Eight days into our lockdown limbo I’m finding it increasingly hard not to feel wary of going out into the world, and I’m becoming weary of the worrying uncertainty if it all.
Don’t get me wrong, under normal circumstances I truly love being at home, I’m definitely more of a home bird than a party animal, so but oh, how I miss that easy everyday human contact with other people! I understand it’s what we all have to do, how we all have to be for the time being, but personally what I’m finding hardest to cope with is the unfamiliar mass requirement to be alone hand in glove with the growing fear of the unknown, the unanswerable.
As a population we are so used to feeling an illusive level of control over our bodily health, there is almost an expectation of immunisation and treatment and subsequent survival from such infections, but what this new virus brings to the fore so dramatically is our absolute vulnerability. When we feel under threat, we usually want to feel close, to reach out and touch, to find comfort in the emotional and physical warmth of togetherness. We crave safety in numbers, in huddled family groups and tribal clusters, yet counter-intuitively, in current circumstances enforced isolation is our societal salvation.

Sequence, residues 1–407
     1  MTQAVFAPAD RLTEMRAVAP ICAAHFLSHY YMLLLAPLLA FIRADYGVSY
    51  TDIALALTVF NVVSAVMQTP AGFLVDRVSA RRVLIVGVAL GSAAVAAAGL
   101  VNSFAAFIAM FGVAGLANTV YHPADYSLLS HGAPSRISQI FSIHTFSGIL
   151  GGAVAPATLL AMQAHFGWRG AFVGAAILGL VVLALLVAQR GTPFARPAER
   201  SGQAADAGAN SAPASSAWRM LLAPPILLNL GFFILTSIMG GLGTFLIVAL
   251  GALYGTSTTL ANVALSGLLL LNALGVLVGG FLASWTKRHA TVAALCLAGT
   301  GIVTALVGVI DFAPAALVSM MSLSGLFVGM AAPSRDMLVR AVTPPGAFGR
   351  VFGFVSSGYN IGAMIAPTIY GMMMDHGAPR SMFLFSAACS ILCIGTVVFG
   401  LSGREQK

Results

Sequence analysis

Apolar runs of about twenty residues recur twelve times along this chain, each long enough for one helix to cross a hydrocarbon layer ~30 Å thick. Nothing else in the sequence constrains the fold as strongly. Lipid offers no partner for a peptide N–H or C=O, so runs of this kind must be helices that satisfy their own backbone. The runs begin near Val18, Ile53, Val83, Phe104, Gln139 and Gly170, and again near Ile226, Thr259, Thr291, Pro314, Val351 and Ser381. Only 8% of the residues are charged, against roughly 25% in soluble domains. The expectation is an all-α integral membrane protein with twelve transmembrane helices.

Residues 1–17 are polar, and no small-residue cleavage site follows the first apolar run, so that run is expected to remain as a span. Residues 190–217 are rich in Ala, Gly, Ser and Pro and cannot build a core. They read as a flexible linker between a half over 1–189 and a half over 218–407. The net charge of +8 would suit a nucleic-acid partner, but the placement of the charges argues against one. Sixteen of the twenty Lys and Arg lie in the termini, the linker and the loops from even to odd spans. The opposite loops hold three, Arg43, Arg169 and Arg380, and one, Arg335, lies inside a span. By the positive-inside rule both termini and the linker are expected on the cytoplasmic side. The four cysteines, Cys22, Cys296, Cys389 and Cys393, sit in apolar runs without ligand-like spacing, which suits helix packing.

OK, so satistics tell us that 80% of people with Covid-19 have relatively minor symptoms, with only 20% experiencing a far more serious threat to their health (including possible death). But as to who gets really sick, and more to the point who dies, that’s perhaps not as clear-cut as it first seemed. Age and underlying health conditions may give some indication of expected prognosis and anticipated mortality rates, but what about those growing fatalities far outwith those prescribed parameters? They may be few and far between, but they do exist – why does the virus seem to affect us all so differently? It feels scarily like the luck of the draw, entirely random, a matter of chance.
So my wariness to me feels justified, a natural measured response to a possible threat to life. If not to my life, then potentially to others. Make no mistake, this virus is a killer, and if collective short-term caution across the world can help reduce the long-term global death toll then we should all be prepared to do whatever we have to do to do our bit. Maybe everyone wants their 15 minutes of fame, but I for one could well do without going down in history as a modern-day equivalent of Typhoid Mary…